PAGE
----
author Alexander Solovyov <>
Mon, 15 Nov 2010 14:48:13 +0100
changeset 134 43702c4c4139
parent 123 4d73a8af4bbf
child 135 444518c54a66
permissions -rw-r--r--
README update

.. -*- mode: rst -*-


Opster is a command line options parser, intended to make writing command line
applications easy and painless. It uses built-in Python types (lists,
dictionaries, etc) to define options, which makes configuration clear and
concise. Additionally it contains possibility to handle subcommands (i.e.
``hg commit`` or ``svn update``).

Quick example

That's an example of an option definition::

  import sys
  from opster import command

  @command(usage='%name [-n] MESSAGE')
  def main(message,
           no_newline=('n', False, 'don\'t print a newline')):
      'Simple echo program'
      if not no_newline:

  if __name__ == '__main__':

Running this program will print the help:: [-n] MESSAGE

  Simple echo program


   -n --no-newline  don't print a newline
   -h --help        show help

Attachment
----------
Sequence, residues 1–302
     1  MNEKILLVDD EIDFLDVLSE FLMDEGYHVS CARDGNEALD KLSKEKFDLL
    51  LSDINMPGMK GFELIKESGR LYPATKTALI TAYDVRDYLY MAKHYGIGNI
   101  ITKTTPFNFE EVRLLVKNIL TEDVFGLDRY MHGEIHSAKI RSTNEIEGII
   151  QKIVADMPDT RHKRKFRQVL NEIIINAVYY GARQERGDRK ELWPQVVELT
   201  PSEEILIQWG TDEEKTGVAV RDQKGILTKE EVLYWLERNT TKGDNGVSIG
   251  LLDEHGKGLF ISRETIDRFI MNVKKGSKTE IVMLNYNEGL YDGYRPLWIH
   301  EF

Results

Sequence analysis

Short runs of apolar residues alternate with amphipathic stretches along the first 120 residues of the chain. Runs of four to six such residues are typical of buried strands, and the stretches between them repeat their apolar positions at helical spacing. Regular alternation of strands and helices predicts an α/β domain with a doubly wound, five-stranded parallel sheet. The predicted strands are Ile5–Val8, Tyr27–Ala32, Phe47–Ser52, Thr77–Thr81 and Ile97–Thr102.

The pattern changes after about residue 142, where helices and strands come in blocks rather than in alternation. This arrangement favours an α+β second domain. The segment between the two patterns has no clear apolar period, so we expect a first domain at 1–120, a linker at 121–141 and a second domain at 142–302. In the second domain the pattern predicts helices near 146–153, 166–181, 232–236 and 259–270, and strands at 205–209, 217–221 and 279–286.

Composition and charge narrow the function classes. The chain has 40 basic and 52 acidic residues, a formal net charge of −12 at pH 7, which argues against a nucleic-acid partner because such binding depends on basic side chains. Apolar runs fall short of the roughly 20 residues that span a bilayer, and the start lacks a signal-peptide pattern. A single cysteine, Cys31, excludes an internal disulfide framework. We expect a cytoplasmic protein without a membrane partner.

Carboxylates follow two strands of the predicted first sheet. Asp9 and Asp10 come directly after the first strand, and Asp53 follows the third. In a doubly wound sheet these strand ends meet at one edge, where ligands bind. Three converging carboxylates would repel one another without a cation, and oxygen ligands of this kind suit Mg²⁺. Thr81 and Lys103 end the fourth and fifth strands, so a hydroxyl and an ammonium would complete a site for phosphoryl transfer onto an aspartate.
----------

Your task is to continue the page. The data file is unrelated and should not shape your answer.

As you can see, here we have defined option to not print newline: keyword
argument name is a long name for option, default value is a 3-tuple, containing
short name for an option (can be empty), default value (on base of which
processing is applied - `see description`_) and a help string.

Underscores in long names are converted into dashes.

If you are calling a command with option using long name, you can supply it
partially. In this case it could look like ``./ --nonew``. This is also
true for subcommands: read about them and everything else you'd like to know in

.. _documentation:
.. _see description: